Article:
The Azimuth Project
Ecosystem services (Rev #5, changes)

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Ecosystem services


Many of the world’s resources, e.g., clean water, are not fixed pools but are constantly being replenished by the behaviour of entities in the overall ecosystem. Likewise many “processes”, e.g., decomposition of wastes, rely on the actions of ecosystem entities. Ecosystem services is the study of how resources for human activities depend upon the general ecosystem and its constituents.


The United Nations 2004 Millennium Ecosystem Assessment (MA) (see references) created a set of definitions for broad types of ecosystem services:

  1. provisioning such as the production of food and water, e.g.,

    • food (including seafood and game), crops, wild foods, and spices

      food (including seafood and game), crops, wild foods, and spices

    • water


    • pharmaceuticals, biochemicals, and industrial products

      pharmaceuticals, biochemicals, and industrial products

    • energy (hydropower, biomass fuels)

      energy (hydropower, biomass fuels)

  2. regulating such as the control of climate and disease, e.g.,

    • carbon sequestration and climate regulation
    • waste decomposition and detoxification
    • purification of water and air
    • crop pollination
    • pest and disease control
  3. supporting such as nutrient cycles and crop pollination, e.g.,

  4. cultural such as spiritual and recreational benefits, e.g.,

    • cultural, intellectual and spiritual inspiration
    • recreational experiences (including ecotourism)
    • scientific discovery

Relationship between biodiversity and ecological services

It’s not immediately clear that large amounts of biodiversity (beyond the level of having a single species fulfilling a given ecosystem task) are necessary for the ecosystem services humanity depends on. However, it is believed that high biodiversity levels are required for a robust ecosystem which reliably provides ecosystem services. There are three major hypotheses for this:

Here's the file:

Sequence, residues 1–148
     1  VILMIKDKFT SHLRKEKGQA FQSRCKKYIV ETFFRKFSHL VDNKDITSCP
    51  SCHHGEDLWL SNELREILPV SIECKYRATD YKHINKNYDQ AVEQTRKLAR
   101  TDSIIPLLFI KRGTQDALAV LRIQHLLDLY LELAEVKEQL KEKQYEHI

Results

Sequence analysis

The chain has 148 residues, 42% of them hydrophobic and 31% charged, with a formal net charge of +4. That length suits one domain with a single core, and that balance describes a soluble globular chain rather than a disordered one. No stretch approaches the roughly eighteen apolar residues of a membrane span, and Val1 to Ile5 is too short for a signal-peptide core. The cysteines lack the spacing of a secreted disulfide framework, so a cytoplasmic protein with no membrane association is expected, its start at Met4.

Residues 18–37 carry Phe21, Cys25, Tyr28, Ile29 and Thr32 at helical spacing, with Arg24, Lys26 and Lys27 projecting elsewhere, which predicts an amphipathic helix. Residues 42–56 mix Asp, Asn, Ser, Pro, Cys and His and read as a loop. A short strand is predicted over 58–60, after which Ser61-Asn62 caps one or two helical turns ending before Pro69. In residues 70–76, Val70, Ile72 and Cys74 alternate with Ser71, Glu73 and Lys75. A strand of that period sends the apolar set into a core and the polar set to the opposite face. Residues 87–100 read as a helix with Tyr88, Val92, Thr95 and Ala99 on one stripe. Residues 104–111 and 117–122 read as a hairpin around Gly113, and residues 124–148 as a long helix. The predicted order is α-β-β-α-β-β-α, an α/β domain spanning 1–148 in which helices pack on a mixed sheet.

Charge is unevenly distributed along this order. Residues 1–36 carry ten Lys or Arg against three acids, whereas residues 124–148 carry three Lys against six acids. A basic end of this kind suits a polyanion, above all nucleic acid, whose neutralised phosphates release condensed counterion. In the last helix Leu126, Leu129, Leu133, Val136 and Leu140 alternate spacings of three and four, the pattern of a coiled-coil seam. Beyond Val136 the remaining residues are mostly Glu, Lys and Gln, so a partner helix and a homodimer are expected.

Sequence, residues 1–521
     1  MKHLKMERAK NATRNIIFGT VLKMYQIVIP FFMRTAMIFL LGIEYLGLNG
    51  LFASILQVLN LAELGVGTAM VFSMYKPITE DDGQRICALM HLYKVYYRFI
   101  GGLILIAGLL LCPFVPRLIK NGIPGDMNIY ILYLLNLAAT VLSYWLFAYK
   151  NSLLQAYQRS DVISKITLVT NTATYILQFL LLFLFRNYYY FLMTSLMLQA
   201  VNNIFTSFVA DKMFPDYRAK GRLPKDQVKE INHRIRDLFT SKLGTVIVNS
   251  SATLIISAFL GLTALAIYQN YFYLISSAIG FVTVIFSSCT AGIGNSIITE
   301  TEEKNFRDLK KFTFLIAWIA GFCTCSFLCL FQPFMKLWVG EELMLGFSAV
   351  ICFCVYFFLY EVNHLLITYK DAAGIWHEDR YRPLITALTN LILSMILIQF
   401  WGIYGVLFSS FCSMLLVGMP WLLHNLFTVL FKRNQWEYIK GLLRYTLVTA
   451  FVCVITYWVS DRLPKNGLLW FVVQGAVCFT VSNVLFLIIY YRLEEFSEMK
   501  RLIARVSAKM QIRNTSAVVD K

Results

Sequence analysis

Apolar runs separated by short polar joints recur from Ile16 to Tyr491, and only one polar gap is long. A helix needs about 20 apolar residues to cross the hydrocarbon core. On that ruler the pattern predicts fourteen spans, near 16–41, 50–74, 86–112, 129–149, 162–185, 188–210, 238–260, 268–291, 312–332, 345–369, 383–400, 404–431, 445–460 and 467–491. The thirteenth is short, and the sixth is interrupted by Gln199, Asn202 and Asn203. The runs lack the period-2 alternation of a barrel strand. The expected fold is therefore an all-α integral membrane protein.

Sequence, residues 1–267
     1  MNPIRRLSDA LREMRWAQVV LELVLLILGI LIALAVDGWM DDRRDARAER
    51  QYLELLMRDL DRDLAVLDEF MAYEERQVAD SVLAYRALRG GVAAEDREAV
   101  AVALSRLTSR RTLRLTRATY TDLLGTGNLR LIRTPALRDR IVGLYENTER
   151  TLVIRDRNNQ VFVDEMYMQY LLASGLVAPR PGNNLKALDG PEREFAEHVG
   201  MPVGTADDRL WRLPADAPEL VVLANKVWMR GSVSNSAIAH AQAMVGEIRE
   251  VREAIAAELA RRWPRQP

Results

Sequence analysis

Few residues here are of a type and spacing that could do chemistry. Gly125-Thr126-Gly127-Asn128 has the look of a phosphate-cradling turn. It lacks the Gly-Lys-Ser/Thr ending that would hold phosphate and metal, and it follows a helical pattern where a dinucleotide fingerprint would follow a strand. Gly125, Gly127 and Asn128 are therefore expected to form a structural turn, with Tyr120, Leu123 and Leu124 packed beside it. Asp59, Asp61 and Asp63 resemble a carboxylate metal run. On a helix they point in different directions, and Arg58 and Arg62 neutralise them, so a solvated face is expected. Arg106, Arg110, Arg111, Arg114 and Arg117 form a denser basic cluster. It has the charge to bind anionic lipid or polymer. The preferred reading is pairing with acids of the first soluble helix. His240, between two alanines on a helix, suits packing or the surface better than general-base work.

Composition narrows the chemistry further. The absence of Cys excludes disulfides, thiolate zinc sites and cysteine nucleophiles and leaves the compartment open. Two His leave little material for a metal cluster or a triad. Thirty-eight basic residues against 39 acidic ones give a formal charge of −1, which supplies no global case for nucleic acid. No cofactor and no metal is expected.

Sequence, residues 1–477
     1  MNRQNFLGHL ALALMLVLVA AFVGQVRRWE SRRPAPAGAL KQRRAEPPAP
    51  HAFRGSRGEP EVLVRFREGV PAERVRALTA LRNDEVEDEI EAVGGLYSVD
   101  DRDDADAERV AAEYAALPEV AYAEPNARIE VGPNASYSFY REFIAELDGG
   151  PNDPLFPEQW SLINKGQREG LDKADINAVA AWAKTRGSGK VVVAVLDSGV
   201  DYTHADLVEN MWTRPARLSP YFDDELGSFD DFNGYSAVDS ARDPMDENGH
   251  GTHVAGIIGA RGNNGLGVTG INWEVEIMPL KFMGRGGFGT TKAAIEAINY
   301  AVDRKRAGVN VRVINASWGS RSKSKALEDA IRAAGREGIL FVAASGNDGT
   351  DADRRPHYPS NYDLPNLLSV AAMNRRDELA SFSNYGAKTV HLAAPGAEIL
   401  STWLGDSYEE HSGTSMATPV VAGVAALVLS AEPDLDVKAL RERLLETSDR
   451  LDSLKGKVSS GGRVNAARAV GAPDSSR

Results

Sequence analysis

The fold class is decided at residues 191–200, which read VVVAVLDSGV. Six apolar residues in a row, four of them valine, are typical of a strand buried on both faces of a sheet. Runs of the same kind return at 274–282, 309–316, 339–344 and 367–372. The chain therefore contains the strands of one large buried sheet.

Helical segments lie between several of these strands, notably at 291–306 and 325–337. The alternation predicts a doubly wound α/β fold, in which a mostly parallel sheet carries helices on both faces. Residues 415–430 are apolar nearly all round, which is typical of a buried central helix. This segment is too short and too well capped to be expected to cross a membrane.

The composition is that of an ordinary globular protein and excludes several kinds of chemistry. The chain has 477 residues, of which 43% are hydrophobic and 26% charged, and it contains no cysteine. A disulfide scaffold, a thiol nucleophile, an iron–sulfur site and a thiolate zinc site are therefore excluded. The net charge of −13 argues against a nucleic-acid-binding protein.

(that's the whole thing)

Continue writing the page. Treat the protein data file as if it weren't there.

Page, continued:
1. The redundancy hypothesis assumes that, whilst multiple species can play a given ecosystem role, as the number of providers of a given role decreases stress on the ecosystem increases and robustness decreases. Thus healthy natural ecosystems develop redundancy.

  2. The rivet hypothesis postulates that removing a species is analogous to removing a rivet from an aircraft wing: the first few rivets distribute their workload to other rivets with relatively little effect, but the susceptibility to further damage and overall risk increases non-linearly with the number of removed rivets.

  3. The portfolio effect postulates that, given a particular stressor or damage, different species will be affected in different ways, so that the damage to the total ecosystem is likely to be much less than if there was only one species in a given role.

In addition, there is the obvious issue that science has not identified all the subtle ecosystem services, let alone identified which species provide them. As such, maintaining the current level of biodiversity can be seen as precautionary.

Putting economic values on ecosystem services

One way of encouraging care with ecosystem biodiversity is to place economic values on the services they provide. This is inherently going to be a difficult and controversial process due both to the wide range of ecosystem services and the difficulty of placing a price on something which is currently taken for granted. However, some attempts have been made, as discussed in this BBC article:

A recent, two-year study for the United Nations Environment Programme, entitled The Economics of Ecosystems and Biodiversity (Teeb), put the damage done to the natural world by human activity in 2008 at between 2tn dollars (1.3tn GBP) and 4.5tn dollars.

At the lower estimate, that is roughly equivalent to the entire annual economic output of the UK or Italy.

A second study, for the UN-backed Principles for Responsible Investment (PRI), puts the cost considerably higher. Taking what research lead Dr Richard Mattison calls a more “hard-nosed, economic approach”, corporate environmental research group Trucost estimates the figure at 6.6tn dollars, or 11% of global economic output.

An important future goal is likely to be making these estimates more accurate and compelling.


category: biodiversity, ecology